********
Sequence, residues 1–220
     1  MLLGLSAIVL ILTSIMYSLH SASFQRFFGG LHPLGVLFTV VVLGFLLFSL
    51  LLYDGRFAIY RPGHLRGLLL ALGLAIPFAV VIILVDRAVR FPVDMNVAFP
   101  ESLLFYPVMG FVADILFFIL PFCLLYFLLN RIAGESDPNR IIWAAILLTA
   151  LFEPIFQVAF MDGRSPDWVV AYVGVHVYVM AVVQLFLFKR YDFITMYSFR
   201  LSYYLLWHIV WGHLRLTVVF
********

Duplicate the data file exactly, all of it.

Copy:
Sequence, residues 1–220
     1  MLLGLSAIVL ILTSIMYSLH SASFQRFFGG LHPLGVLFTV VVLGFLLFSL
    51  LLYDGRFAIY RPGHLRGLLL ALGLAIPFAV VIILVDRAVR FPVDMNVAFP
   101  ESLLFYPVMG FVADILFFIL PFCLLYFLLN RIAGESDPNR IIWAAILLTA
   151  LFEPIFQVAF MDGRSPDWVV AYVGVHVYVM AVVQLFLFKR YDFITMYSFR
   201  LSYYLLWHIV WGHLRLTVVF